Directed (and co-written) by Kimberly Peirce (Boys Don’t Cry), this is a buddy film in which the character chooses between self-preservation and self-sacrifice for his friends, leaving political ideology behind. Ryan Phillippe gives an exceptional performance as we are led into a narrative quagmire with a point instead of a plot.

Films that question the premise and function of the Iraq war are not popular with the American public, perhaps because the ideological perspectives and battle realism create uneasiness and distress in the audience.

Stop-Loss and other movies of this new subgenre of the war film expand the discourse about war, and the Iraq war in particular. Such films question the tenuous comfort created by the status quo just as they test our fundamental concepts of right and wrong, justice and injustice, integrity, morality, ethics and, above all, the common good. Mature themes, crass language; graphic, intense battlefield violence.

ARMY WIVES (Lifetime Television, Sundays): Lifetime’s highest-rated series ever is a drama drenched in soap. It stars Kim Delaney (NYPD Blue), Catherine Bell (JAG), Sally Pressman and Wendy Davis as women married to enlisted men and officers, or, in the case of Davis, a married woman in the Army.

The show’s blogosphere gives voice to women who love this series as well as real military wives who are disappointed because it does not reflect their reality. This dichotomy presents an interesting debate about all fictional television: Are the stories factual or do they tell the truth, at least to some extent? Most Army Wives bloggers seem to understand the difference—that all television is the writers’ and producers’ concept of reality—and that drama only works when the tension among temptation, sin, choices, consequences, redemption and restitution is taut and feels authentic on some level.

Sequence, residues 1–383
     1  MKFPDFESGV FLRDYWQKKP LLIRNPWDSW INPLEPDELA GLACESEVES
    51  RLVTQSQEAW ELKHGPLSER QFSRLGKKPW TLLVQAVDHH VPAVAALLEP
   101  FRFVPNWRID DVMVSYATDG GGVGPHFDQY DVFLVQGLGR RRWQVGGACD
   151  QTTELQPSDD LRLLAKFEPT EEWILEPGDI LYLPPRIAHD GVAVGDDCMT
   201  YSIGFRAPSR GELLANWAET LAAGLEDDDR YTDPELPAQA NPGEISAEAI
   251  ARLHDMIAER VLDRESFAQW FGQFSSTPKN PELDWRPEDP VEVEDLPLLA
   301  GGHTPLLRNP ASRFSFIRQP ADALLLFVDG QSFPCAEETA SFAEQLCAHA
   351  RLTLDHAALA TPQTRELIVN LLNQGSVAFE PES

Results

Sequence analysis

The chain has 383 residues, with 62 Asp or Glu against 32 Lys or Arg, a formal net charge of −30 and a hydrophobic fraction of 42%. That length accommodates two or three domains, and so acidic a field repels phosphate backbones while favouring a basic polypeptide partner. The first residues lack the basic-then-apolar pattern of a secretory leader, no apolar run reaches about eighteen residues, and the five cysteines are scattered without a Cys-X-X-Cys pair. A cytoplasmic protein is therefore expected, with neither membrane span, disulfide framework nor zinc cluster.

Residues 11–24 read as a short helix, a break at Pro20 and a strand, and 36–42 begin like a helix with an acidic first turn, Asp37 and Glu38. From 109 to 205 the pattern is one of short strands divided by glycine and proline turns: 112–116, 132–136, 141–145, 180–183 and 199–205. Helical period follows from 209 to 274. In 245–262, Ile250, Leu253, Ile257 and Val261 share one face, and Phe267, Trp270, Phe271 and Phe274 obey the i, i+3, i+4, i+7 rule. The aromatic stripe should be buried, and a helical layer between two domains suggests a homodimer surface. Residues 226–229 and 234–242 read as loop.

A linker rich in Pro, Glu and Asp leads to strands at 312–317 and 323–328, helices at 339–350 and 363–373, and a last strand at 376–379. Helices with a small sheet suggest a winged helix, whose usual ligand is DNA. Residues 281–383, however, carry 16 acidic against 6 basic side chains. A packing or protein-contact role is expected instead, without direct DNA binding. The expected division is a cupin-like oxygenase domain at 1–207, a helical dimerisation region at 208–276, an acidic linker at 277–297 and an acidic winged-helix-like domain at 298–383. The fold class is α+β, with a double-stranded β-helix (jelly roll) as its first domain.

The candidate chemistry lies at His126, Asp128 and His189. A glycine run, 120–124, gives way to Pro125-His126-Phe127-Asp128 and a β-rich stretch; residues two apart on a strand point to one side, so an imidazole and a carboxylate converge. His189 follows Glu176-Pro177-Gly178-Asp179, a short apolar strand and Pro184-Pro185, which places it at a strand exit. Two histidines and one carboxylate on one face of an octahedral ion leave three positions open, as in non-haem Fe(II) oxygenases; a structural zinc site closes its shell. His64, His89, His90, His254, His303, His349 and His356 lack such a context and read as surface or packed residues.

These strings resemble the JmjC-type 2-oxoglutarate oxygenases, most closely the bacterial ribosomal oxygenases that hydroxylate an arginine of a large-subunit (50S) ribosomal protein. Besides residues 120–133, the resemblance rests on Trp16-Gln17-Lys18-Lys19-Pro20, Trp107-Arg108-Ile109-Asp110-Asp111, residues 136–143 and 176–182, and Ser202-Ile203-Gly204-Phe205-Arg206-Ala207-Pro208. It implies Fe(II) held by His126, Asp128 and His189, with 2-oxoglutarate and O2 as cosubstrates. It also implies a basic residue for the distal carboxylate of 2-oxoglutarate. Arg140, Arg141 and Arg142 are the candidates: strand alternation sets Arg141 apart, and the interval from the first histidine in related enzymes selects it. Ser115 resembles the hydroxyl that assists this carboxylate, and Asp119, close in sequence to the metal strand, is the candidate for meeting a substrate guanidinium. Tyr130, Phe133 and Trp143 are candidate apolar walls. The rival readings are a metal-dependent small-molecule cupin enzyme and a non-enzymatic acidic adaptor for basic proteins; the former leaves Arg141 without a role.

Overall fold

It’s unlike CBS’s The Unit, which shares time between the military at war and the wives and families at home, in addition to modeling proper Army-wife behavior. Instead, Army Wives focuses on women and their children, for better, for worse and in between.

INDEPENDENT LENS: WRIT WRITER (PBS, June 3, check local listings): Fred Arispe Cruz dropped out of school in the eighth grade, became a drug addict and killed his best friend in an accident. In 1960, he was arrested and convicted for a robbery he denied committing.

Sentenced to 50 years at a prison cotton farm in Texas, he became a jailhouse lawyer to appeal his conviction and those of other prisoners. This was against Texas law at the time, and prison officials used great cruelty to punish “writ writers.” With the help of a pro bono lawyer and the NAACP, he challenged the law and changed it.

This fascinating and deeply human documentary deserves to be considered within the context of the civil-rights movement. It’s introduced by Terrence Howard (Crash) and narrated by Jesse Borrego (24).

LEATHERHEADS (A-3, PG-13): George Clooney (Syriana) directs and acts in this comedic version of how professional football started in the 1920s. Renée Zellweger (Miss Potter) is the fast-talking reporter who is determined to unmask the war record of a star college athlete (John Krasinski, The Office). The film’s stab at the early regulation of profanity on the airwaves is both awkward and juvenile. Funny in parts but unevenly scripted, artfully filmed, well-acted; some crass language and profanity.

UNDER THE SAME MOON (A-3, PG- 13): After his grandmother dies, young Carlitos (Adrian Alonso) travels from Mexico to Los Angeles to join his hardworking, undocumented mother (Kate del Castillo, Trade). Carlitos is assisted by good people who help him avoid detection and the threat of human traffickers. This film about family against the backdrop of illegal immigration in a globalized world also stars Eugenio Derbez, one of Mexico’s best-known actors, who makes a huge sacrifice for Carlitos. America Ferrera (Ugly Betty) also has a role. (Mostly Spanish with English subtitles.) A touching story with occasional crass language.

A PLUMM SUMMER (not rated yet, PG): Henry Winkler (Happy Days) is Happy Herb, the host of a children’s TV show in Montana during the 1960s. When Herb’s puppet Froggy Doo is stolen, federal agents investigate. William Baldwin plays Mick Plumm, the alcoholic, job-challenged father of two boys. A no-frills, based-on-a-true-story film with a touch of nostalgia and adolescent angst.

A-1 General patronage
A-2 Adults and adolescents
A-3 Adults
L Limited adult audience
O Morally offensive

USCCB Movie Review Line: 1-800-311-4222, www.usccb.org/movies/index.htm

At www.CatholicMovieReviews.org, readers can search Sister Rose's and hundreds of other film reviews.